Does that approach really work? Think about your best bosses. Weren’t they the ones who made it their goal to deal with the bureaucracy and irrelevant demands so you could deal with the work? Wasn’t it a great feeling to make real progress because your boss had cleared the way? Great leaders seem to understand that intuitively. For example, Gen. Colin Powell often said his job wasn’t only to clarify overall goals but also to sweat the small stuff so his staff could focus on the big problems.
It’s a new year. Try this shift in management emphasis. Ask your employees what gets in their way of making progress and try to do something about it. After a few weeks, take some time to see if your efforts have made a difference.
HUD is tied for last…..
Annual rankings of federal workplaces
Wednesday, September 1, 2010 It's something every worker can relate to: Your office isn't meeting its goals, customers aren't happy, there's turmoil at the top - and morale is plummeting.
It happens in the federal government, too, where agencies facing intense public scrutiny, shifting priorities and unstable leadership can see nose dives in worker satisfaction. Both the Securities and Exchange Commission, a critical player in this battered economy, and the Office of Management and Budget, the agency responsible for implementing President Obama's government reforms - hit the skids in the fifth "Best Places to Work" rankings, a closely watched report of federal employees.
The rankings account for the perceptions of more than 263,000 workers at 290 federal organizations. It is compiled by the Partnership for Public Service, a nonpartisan think tank devoted to promoting public sector careers, and American University's School of Public Affairs.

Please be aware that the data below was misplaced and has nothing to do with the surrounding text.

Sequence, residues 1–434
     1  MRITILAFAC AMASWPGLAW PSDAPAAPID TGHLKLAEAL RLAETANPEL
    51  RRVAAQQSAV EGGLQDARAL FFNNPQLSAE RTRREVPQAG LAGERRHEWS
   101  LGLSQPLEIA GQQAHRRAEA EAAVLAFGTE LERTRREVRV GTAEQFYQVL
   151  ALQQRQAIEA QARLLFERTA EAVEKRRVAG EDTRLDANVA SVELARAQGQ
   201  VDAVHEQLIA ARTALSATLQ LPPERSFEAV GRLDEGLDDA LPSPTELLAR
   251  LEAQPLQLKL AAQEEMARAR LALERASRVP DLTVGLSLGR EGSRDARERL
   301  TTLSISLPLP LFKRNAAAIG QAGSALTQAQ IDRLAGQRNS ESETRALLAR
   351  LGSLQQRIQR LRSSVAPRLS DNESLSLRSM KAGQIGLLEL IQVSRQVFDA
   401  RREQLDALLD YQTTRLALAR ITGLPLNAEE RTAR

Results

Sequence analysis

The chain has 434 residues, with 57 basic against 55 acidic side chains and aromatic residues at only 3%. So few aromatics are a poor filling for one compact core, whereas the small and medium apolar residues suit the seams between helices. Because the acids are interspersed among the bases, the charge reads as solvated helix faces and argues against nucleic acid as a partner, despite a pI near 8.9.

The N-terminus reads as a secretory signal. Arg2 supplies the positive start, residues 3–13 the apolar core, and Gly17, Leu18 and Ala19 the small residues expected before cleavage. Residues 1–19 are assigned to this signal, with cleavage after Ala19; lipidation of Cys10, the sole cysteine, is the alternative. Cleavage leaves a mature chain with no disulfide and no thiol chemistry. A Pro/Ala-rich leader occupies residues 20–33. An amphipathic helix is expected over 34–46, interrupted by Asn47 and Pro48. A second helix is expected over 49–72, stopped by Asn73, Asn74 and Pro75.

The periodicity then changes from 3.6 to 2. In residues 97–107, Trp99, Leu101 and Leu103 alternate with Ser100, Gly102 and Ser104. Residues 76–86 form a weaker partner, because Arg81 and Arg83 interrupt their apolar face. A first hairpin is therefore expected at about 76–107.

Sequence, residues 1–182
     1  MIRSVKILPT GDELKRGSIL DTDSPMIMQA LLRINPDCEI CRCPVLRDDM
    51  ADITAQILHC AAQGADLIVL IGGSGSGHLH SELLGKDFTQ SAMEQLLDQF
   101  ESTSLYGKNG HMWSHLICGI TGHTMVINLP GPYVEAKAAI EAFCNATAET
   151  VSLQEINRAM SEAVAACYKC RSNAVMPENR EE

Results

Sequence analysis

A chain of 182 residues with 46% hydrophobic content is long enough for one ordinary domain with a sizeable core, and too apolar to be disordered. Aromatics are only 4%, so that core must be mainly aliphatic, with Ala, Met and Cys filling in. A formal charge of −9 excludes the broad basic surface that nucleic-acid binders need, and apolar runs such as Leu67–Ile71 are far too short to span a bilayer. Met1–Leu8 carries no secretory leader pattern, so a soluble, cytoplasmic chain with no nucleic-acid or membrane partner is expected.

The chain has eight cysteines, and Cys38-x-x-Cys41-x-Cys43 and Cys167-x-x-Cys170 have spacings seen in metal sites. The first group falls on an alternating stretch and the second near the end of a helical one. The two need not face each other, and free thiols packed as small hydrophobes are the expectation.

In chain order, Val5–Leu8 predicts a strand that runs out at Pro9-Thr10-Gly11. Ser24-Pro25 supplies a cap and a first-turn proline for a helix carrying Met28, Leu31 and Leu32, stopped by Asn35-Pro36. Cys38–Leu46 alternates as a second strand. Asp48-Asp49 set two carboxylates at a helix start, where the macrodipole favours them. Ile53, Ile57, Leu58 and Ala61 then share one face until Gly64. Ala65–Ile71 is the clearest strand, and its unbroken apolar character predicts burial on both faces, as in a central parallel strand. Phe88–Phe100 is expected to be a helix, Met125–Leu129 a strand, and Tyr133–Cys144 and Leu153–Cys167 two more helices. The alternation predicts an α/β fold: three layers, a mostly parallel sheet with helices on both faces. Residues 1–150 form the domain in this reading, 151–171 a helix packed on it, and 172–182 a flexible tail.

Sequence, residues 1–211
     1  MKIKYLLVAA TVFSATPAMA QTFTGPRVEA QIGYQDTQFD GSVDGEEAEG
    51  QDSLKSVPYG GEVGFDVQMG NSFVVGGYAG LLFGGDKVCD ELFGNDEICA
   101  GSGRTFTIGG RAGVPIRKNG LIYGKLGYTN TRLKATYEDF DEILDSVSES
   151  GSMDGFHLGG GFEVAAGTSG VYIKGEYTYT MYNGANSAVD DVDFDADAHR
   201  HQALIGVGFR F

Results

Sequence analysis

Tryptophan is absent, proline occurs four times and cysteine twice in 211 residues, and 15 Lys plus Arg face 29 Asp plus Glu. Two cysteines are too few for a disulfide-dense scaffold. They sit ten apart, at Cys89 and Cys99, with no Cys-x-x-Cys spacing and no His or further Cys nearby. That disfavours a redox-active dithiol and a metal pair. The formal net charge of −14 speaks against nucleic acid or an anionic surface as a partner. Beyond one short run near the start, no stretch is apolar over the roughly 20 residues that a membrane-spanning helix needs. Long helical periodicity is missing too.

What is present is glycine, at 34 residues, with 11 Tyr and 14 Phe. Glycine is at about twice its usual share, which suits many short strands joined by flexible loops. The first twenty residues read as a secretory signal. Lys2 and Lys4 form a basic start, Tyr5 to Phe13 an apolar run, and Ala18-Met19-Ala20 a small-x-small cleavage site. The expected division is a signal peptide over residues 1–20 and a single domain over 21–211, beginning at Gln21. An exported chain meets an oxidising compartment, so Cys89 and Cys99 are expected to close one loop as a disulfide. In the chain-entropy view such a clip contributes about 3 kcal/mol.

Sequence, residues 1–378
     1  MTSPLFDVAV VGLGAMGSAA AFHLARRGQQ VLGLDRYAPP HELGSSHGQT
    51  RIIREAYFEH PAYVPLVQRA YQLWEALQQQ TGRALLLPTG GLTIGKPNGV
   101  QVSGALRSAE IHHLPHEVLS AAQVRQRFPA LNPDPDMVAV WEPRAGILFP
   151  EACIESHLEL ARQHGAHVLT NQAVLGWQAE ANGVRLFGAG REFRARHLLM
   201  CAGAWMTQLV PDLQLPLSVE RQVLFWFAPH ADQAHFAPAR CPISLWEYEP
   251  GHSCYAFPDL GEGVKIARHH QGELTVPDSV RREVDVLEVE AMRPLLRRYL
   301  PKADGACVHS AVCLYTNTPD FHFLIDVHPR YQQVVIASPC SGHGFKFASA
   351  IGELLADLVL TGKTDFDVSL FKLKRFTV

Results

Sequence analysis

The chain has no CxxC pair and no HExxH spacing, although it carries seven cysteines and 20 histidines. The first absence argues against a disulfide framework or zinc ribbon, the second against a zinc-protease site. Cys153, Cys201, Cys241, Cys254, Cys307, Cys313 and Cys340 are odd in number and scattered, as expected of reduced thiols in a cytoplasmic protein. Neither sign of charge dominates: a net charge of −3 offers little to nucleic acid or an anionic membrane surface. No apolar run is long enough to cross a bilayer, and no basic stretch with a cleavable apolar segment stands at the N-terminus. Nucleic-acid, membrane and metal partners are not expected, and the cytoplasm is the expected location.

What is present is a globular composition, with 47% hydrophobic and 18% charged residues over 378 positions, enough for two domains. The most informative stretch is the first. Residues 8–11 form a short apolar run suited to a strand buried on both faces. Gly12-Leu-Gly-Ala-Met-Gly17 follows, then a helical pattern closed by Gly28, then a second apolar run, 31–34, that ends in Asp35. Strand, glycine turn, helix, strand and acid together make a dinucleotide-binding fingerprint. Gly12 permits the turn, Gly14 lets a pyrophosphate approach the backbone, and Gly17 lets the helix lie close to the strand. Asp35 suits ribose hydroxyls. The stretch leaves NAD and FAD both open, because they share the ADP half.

***The primary factor in job satisfaction, however, remains effective leadership from senior agency bosses***, the survey concluded. Over the years, senior leadership has scored low in the survey, and the Obama administration is no exception.
***The Department of Housing and Urban Development*** and National Archives and Records Administration ****tied for last among large agencies***.
The survey gave several examples of how an agency's leadership can affect results. The Federal Labor Relations Authority, stagnant during George W. Bush's administration, saw its scores more than double thanks to strong reviews for agency leadership. It earned the biggest year-to-year jump among small agencies.
Scores on the survey's 100-point scale ranged from an 81.8 for NRC to a 57.1 for HUD and the National Archives. The survey is emerging as an important management tool for agencies looking to spot trouble areas, said Partnership President Max Stier.
"Particularly in an environment like the government, where you don't have profit and loss statements and stock prices, this information becomes even more important," Stier said.
The partnership (which maintains a content-sharing arrangement with The Washington Post) compiled the rankings using data from the Office of Personnel Management's Federal Employee Viewpoint Survey. Agencies not part of OPM's survey asked workers to complete similar questionnaires.
To review the full rankings please visit www.BestPlacestoWork.org.
Where are the arts related goals for Community Development? Creative Community Builder's Handbook: How to Transform Communities Using Local Assets, Arts, and Culture [book]
HUD is not apparently including arts in its community development strategy. This is unfortunate, as there is lots of evidence that this is critical to CD success. Previous HUD publications on CD have at least given lip service to the arts; this needs to get good emphasis, in the Strat Plan.